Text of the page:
Table of Contents
ISRN Public Health
Volume 2012, Article ID 152047, 10 pages
Review Article

A Critical Review of Effects of COPD Self-Management Education on Self-Efficacy

Department of Health Education and Behavior, University of Florida, P.O. Box 118210, Gainesville, FL 32611, USA

Received 4 January 2012; Accepted 26 January 2012

Academic Editors: P. Bendtsen and K. M. Rospenda

Copyright © 2012 Michael Stellefson et al. This is an open access article distributed under the Creative Commons Attribution License, which permits unrestricted use, distribution, and reproduction in any medium, provided the original work is properly cited.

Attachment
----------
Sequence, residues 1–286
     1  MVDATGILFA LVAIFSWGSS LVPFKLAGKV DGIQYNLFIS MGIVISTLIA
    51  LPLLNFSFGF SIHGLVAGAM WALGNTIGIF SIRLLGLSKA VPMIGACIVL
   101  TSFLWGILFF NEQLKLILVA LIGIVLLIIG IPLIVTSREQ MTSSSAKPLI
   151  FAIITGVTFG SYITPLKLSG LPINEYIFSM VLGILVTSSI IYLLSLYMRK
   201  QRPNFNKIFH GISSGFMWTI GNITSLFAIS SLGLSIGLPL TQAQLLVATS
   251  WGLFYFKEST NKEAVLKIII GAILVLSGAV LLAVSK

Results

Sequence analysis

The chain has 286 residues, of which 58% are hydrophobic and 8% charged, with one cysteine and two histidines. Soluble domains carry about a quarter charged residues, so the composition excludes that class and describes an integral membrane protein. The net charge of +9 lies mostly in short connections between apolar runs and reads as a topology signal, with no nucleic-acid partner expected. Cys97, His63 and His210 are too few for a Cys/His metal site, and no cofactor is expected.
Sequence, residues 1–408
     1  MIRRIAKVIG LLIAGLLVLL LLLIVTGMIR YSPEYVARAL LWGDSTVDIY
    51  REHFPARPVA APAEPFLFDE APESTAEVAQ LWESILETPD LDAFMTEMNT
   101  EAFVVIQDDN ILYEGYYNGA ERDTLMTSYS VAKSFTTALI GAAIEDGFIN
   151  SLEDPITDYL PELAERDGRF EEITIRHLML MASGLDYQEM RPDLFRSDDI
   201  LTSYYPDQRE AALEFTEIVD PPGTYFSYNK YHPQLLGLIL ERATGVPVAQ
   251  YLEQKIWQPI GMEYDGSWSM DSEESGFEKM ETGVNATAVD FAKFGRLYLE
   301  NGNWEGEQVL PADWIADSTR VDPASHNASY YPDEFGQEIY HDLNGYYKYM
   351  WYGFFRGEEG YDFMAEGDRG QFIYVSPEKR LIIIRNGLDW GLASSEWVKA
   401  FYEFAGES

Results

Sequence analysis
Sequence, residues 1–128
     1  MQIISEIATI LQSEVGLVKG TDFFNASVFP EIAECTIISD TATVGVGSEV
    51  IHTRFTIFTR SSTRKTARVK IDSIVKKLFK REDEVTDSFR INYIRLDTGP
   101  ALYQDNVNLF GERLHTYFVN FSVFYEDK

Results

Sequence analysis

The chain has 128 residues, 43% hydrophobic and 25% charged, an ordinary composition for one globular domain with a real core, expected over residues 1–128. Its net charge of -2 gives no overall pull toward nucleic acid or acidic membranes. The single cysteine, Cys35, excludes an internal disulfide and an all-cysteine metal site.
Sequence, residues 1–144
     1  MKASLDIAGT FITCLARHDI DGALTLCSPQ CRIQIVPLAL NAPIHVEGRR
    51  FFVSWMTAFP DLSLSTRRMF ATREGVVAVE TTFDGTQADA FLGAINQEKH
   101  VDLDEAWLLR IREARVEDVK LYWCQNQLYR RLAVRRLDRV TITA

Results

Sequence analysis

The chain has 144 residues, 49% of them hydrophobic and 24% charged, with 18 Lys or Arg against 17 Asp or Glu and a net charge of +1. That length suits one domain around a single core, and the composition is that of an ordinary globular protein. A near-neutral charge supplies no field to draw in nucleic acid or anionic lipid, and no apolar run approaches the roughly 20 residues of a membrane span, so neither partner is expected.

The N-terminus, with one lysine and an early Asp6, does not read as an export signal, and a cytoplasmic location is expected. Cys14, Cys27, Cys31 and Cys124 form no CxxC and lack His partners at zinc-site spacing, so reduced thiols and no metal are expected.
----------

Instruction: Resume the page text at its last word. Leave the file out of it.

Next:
Chronic obstructive pulmonary disease (COPD) causes progressive airflow limitation which results in prolonged episodes of coughing and shortness of breath. COPD self-management education (COPDSME) programs attempt to enhance patient self-efficacy for managing symptoms. The purpose of this paper was to conduct a critical literature review that identified peer-reviewed articles assessing the effects of COPDSME on self-efficacy outcomes. Seven articles were located after an exhaustive search. Most studies ( ๐‘› = 6 ) reported statistically significant improvements in self-efficacy following intervention. Almost all of the studies tested interventions that drew upon at least 2 recommended sources of efficacy information. Two studies specifically noted increased self-efficacy for controlling physical exertion following COPDSME. Within the reviewed studies, the content within each educational treatment varied widely and showed a lack of standardization, and the types of instruments used to assess self-efficacy varied. This paper highlights the need for more controlled trials that investigate potential between-subjects effects of different types of COPDSME programs on self-efficacy outcomes. Incorporating practice models for patient-centered primary care in COPD requires the use of tailored efficacy building strategies for specific self-management behaviors.